Home » Java » Get source JARs from Maven repository

Get source JARs from Maven repository

Posted by: admin November 2, 2017 Leave a comment


Does anyone have any idea if you can find source JARs on Maven repositories?


Maven Micro-Tip: Get sources and Javadocs

When you’re using Maven in an IDE you often find the need for your IDE to resolve source code and Javadocs for your library dependencies. There’s an easy way to accomplish that goal.

mvn dependency:sources
mvn dependency:resolve -Dclassifier=javadoc

The first command will attempt to download source code for each of the dependencies in your pom file.

The second command will attempt to download the Javadocs.

Maven is at the mercy of the library packagers here. So some of them won’t have source code packaged and many of them won’t have Javadocs.

In case you have a lot of dependencies it might also be a good idea to use
inclusions/exclusions to get specific artifacts, the following command
will for example only download the sources for the dependency with
a specific artifactId:

mvn dependency:sources -DincludeArtifactIds=guava

Source: http://tedwise.com/2010/01/27/maven-micro-tip-get-sources-and-javadocs/

Documentation: https://maven.apache.org/plugins/maven-dependency-plugin/sources-mojo.html


When running Eclipse from the command line ( mvn eclipse:eclipse )



If a project creates a jar of the project sources and deploys it to a maven repository , then you’ll find it 🙂

Just FYI, sources artifacts are generally created by the maven-source-plugin. This plugin can bundle the main or test sources of a project into a jar archive and, as explained in Configuring Source Plugin:

(…) The generated jar file will be named by the value of the finalName plus “-sources” if it is the main sources. Otherwise, it would be finalName plus “-test-sources” if it is the test sources.

The additional text given to describe an artifact (“-sources” or “-test-sources” here) is called a classifier.

To declare a dependency on an artifact that uses a classifier, simply add the <classifier> element. For example:


Note that you generally don’t do this, most IDEs provide support to download sources (and/or JavaDoc) from the main artifact without declaring explicitly a dependency on them.

Finally, also note that some repository search engines allow to search for artifacts using the classifier (at least Nexus does with the advanced search). See this search for example.


To download some specific source or javadoc we need to include the GroupIds – Its a comma separated value as shown below

mvn dependency:sources -DincludeGroupIds=com.jcraft,org.testng -Dclassifier=sources

Note that the classifier are not comma separated, to download the javadoc we need to run the above command one more time with the classifier as javadoc

mvn dependency:sources -DincludeGroupIds=com.jcraft,org.testng -Dclassifier=javadoc


The maven idea plugin for IntelliJ Idea allows you to specify whether or not sources and java doc should be resolved and downloaded

mvn idea:idea -DdownloadSources=true -DdownloadJavadocs=true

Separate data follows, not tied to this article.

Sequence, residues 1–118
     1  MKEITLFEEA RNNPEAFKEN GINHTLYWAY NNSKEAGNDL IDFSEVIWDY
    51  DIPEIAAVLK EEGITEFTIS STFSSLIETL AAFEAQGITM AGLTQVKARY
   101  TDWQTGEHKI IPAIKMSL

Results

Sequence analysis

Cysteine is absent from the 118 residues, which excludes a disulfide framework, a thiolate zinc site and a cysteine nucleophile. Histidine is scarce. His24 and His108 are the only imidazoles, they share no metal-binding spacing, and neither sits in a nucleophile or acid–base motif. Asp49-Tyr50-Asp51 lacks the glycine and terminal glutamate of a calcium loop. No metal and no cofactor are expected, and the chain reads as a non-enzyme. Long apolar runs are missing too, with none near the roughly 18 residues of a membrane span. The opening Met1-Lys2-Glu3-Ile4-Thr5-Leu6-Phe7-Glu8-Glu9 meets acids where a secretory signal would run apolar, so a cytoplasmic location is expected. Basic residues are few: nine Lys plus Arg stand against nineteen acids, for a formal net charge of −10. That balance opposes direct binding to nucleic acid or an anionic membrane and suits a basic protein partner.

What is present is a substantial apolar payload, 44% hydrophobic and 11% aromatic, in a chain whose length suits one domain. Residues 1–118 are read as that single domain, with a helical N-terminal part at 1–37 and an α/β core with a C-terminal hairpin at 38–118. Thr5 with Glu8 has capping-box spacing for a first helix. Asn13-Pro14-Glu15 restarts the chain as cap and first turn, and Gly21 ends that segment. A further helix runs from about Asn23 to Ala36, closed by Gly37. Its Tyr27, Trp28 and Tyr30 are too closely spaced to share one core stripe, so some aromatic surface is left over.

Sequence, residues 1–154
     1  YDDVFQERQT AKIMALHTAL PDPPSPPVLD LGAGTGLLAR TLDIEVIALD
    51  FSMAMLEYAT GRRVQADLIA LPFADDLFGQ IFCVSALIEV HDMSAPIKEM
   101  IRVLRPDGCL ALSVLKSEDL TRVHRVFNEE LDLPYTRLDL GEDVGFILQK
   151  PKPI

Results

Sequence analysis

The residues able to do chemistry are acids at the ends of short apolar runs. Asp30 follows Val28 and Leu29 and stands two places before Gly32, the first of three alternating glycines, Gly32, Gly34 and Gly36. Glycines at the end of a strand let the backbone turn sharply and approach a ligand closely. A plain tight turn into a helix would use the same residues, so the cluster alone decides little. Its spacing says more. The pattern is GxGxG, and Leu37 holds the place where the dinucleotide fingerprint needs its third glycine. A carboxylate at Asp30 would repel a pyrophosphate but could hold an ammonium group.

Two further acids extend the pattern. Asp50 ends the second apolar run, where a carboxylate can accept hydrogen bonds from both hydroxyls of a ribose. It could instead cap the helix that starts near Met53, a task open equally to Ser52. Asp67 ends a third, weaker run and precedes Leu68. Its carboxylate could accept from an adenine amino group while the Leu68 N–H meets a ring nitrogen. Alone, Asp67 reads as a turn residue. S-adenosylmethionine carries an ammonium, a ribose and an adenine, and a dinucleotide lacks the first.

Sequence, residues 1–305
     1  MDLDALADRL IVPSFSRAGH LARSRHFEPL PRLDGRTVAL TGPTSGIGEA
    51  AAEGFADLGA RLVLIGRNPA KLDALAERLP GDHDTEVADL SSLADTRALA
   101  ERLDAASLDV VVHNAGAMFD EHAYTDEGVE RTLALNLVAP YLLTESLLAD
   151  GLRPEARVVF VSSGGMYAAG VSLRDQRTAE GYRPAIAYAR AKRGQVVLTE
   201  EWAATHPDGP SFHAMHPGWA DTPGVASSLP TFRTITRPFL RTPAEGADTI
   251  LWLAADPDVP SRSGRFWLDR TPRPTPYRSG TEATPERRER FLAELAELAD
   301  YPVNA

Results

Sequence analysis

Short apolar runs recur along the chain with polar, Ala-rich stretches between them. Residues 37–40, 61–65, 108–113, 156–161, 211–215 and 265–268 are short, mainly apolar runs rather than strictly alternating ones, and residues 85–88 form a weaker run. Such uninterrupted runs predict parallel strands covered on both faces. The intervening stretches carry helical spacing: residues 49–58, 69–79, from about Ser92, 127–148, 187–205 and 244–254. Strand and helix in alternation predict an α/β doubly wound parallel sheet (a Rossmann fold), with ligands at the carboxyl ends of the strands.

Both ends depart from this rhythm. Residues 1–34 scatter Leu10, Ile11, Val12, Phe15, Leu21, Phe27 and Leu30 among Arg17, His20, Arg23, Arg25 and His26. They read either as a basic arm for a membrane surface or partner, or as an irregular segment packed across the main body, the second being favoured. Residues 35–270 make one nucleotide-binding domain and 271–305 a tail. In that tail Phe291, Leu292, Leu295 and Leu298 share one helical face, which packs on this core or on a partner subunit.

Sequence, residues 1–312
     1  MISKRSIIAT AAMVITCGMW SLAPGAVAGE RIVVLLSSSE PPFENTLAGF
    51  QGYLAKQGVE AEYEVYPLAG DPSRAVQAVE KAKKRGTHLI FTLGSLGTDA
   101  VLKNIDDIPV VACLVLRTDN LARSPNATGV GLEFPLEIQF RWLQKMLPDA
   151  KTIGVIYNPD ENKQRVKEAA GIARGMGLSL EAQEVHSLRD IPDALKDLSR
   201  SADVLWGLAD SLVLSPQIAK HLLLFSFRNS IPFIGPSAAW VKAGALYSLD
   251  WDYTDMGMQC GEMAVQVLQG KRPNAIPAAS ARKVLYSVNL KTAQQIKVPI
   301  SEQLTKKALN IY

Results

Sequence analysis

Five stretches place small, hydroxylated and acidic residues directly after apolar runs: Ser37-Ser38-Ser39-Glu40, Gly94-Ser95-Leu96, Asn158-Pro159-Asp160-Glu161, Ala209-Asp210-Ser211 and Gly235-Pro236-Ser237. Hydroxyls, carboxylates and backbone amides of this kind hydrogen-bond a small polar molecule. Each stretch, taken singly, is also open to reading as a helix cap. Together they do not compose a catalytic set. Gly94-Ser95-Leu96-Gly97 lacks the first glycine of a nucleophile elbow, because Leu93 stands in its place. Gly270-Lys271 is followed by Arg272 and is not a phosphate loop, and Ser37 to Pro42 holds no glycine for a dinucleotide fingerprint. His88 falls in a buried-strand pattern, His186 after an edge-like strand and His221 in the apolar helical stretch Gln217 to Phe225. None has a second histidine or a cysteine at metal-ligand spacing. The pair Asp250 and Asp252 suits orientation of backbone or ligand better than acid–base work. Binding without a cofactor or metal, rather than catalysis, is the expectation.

you can find info in this related question: Get source jar files attached to Eclipse for Maven-managed dependencies

if you use the eclipse maven plugin then use ‘mvn eclipse:eclipse -DdownloadSources=true’


if you’re using eclipse you could also open Preferences > Maven and select Download Artifact Sources, this would let the pom.xml intact and keep your sources or java docs (if selected) just for development right at your machine location ~/.m2


To download any artifact use

mvn dependency:get -Dartifact=groupId:artifactId:version:packaging:classifier

For Groovy sources this would be

mvn dependency:get -Dartifact=org.codehaus.groovy:groovy-all:2.4.6:jar:sources

For Groovy’s javadoc you would use

mvn dependency:get -Dartifact=org.codehaus.groovy:groovy-all:2.4.6:jar:javadoc

This puts the given artifact into your local Maven repository, i.e. usually $HOME/.m2/repository.

dependency:sources just downloads the project dependencies’ sources, not the plugins sources nor the sources of dependencies defined inside plugins.


In Eclipse

  1. Right click on the pom.xml
  2. Select Run As -> Maven generate-sources
    it will generate the source by default in .m2 folder


Maven should be configured with Eclipse.


You can, if they are uploaded. Generally they are called “frameworkname-version-source(s)”


In eclipse – click on the project then:

enter image description here.


Based on watching the Maven console in Eclipse (Kepler), sources will be automatically downloaded for a Maven dependency if you attempt to open a class from said Maven dependency in the editor for which you do not have the sources downloaded already. This is handy when you don’t want to grab source for all of your dependencies, but you don’t know which ones you want ahead of time (and you’re using Eclipse).

I ended up using @GabrielRamierez’s approach, but will employ @PascalThivent’s approach going forward.


NetBeans, Context-Click

In NetBeans 8 with a Maven-driven project, merely context-click on the jar file list item of the dependency in which you are interested. Choose Download Sources. Wait a moment and NetBeans will automatically download and install the source code, if available.

Similarly you can choose Download Javadoc to get the doc locally installed. Then you can context-click some code in the editor and choose to see the JavaDoc.

screen shot of context-menu item "Download Sources" being chosen in a NetBeans 8 project driven by Maven


I have also used the eclipse plugin to get the project into the eclipse workspace.
Since I’ve worked on a different project I saw that it is possible to work with eclipse but without the maven-eclipse-plugin. That makes it easier to use with different environments and enables the easy use of maven over eclipse. And that without changing the pom.xml-file.

So, I recommend the approach of Gabriel Ramirez.